Sunday, November 11, 2012

The Guns Fall Silent

Ninety-four years ago today the guns fell silent after four long years of relentless killing.
I've spoken about this before. I still believe that the U.S. has done this day a disservice.

There is certainly a time and place to render respect to those who have served a nation under arms - although I would further add that when those who have served have done so not to defend against genuine threats to the nation's safety but to advance national interests abroad the relationship changes - but that this day should be reserved for those who were subsumed in the abyss of death that was the Great War.

And the thought occurred to me this Remembrance Sunday; I find it rather sad that we "celebrate" this day with armed soldiers and military pomp.

Although the day is about men who served and died as soldiers, the men who died would very likely have wanted us to remember not the illusion of power and glory that led them to those deaths, but the reality of suffering and pain that were the chiaroscuro that often made those deaths a welcome release.

After nearly one hundred years it is hard to be sure, but I would bet that many of those dead men would rather have us lay down those weapons and approach their monuments in sorrow and regret that we will pick them up again.
Instead of pomp and the sword they might want us to bring to them a running lake, a flock of sheep, and one who sings her child to sleep.

But the reality is that the hell of Sulva Bay (and Verdun, and Passchendaele, and the Somme, and Chemin des Dames, and the Argonne, and Tannenberg, and the Isonzo, and Caporetto, and all the other nameless places where millions of young men suffered and died - and millions more women and children starved and bled and vomited their lives out from typhus and cholera and influenza) never touched this country.

So we don't really understand this day, and what it means to the nations that do and those of their sons and daughters that suffered.


gruff said...

Wilfred Owen
Dulce Et Decorum Est

Bent double, like old beggars under sacks,
Knock-kneed, coughing like hags, we cursed through sludge,
Till on the haunting flares we turned our backs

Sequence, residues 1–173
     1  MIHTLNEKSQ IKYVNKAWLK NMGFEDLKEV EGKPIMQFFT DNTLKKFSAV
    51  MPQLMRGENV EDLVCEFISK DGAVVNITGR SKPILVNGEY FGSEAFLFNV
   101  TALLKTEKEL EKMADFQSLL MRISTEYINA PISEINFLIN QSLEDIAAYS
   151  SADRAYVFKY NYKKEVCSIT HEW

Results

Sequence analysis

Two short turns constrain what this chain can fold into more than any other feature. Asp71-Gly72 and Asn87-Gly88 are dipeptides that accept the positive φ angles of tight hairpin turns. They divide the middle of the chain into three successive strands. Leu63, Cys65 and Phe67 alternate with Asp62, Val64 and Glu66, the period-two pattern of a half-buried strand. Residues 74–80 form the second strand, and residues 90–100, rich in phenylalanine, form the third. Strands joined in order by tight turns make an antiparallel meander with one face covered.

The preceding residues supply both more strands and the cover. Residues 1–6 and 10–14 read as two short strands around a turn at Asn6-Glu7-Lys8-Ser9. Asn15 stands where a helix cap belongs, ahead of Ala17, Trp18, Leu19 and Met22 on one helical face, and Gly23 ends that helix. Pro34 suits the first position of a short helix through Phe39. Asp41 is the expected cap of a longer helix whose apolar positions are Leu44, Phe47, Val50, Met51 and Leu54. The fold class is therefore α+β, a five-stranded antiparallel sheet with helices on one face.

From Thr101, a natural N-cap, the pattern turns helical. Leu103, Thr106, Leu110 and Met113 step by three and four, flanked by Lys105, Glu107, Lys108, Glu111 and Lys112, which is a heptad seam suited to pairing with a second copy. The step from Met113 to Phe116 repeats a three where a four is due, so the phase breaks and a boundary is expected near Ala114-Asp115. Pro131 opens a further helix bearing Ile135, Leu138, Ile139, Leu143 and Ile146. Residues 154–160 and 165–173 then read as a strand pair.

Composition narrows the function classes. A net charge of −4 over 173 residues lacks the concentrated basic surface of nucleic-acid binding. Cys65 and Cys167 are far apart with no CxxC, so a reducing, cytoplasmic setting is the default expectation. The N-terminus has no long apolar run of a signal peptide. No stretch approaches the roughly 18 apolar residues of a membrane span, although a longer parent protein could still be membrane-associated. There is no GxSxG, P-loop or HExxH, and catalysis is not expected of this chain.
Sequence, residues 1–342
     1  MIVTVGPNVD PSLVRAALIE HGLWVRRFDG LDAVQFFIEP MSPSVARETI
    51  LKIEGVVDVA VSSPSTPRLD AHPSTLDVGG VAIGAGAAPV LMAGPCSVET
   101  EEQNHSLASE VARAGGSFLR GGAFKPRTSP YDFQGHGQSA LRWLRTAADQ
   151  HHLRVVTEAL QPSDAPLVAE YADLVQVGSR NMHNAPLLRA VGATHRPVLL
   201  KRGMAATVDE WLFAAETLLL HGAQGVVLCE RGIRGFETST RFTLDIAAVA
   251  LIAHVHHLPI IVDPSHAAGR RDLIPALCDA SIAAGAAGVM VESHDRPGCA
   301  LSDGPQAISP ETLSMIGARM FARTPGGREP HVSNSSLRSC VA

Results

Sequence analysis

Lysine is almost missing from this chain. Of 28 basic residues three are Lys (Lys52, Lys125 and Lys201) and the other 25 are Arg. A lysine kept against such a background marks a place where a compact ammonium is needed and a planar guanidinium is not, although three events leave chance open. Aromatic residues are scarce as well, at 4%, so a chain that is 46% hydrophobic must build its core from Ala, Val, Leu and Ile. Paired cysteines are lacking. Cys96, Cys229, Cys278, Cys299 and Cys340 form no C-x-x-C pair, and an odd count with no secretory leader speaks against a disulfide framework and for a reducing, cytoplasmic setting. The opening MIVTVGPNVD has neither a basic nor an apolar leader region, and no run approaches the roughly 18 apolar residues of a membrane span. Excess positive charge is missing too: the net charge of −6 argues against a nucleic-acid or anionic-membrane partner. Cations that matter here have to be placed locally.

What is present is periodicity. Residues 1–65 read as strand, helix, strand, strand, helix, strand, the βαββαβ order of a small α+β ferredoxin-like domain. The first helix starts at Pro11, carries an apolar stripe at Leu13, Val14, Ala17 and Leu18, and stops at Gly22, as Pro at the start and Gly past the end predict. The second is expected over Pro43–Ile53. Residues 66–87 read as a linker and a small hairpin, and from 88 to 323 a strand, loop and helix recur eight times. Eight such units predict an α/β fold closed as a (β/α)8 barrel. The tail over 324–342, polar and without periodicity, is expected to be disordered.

And towards our distant rest began to trudge.
Men marched asleep. Many had lost their boots
But limped on, blood-shod. All went lame; all blind;
Drunk with fatigue; deaf even to the hoots
Of disappointed shells that dropped behind.

GAS! Gas! Quick, boys!-- An ecstasy of fumbling,
Fitting the clumsy helmets just in time;
But someone still was yelling out and stumbling
And floundering like a man in fire or lime.--
Dim, through the misty panes and thick green light
As under a green sea, I saw him drowning.

In all my dreams, before my helpless sight,
He plunges at me, guttering, choking, drowning.

If in some smothering dreams you too could pace
Behind the wagon that we flung him in,
And watch the white eyes writhing in his face,
His hanging face, like a devil's sick of sin;
If you could hear, at every jolt, the blood
Come gargling from the froth-corrupted lungs,
Obscene as cancer, bitter as the cud
Of vile, incurable sores on innocent tongues,--
My friend, you would not tell with such high zest
To children ardent for some desperate glory,
The old Lie: Dulce et decorum est
Pro patria mori.

rangeragainstwar said...

well said,

Lisa said...


I will always defer to your immense military and historical knowledge, but aren't the poppies more appropriate for Memorial Day? This day is not for the dead, but the living (said knowing that death is indwelling in life.)

Your sentiment that the living veterans may have something more to tell us beyond glory is certainly valid, though, as Wilfred Owen et. al. have done.

Syrbal/Labrys said...

It is hard to know how to "celebrate" this day. But yes, Wilfred Owen said it well enough for me.

And at some point, I will watch a Welsh language film on my is called "Heddwyn" and portrays a Welshman, a poet, sent to that war. It is lyrical and heartbreaking.

Cathartic weeping might just do it for me.

FDChief said...

Lisa: For the U.S. this day is almost completely unconnected with any sort of historical association. That's a feature, not a bug; Memorial Day was originally "Decoration Day", when the living decorated the graves of the Civil War dead. The present Veterans Day is a sort of generic "Support the Troops" day where it has any sort of meaning whatsoever - which I'd observe in these days of nearly-universal avoidance of military service is very small and superficial.

But the Europeans and the British in particular retain the connection between the Eleventh of November and the great killing of the Great War. The poppies and the works of men like Owen and Sassoon still strike deep in the collective memories of the people whose sons died in job lots at Loos and the Somme.

Hence the poppies, and the point of my post.

FDChief said...

gruff, and Labrys; For these, much thanks, for it is bitter cold and I am sick at heart...

Anonymous said... misery of heart-sickness has company, believe me.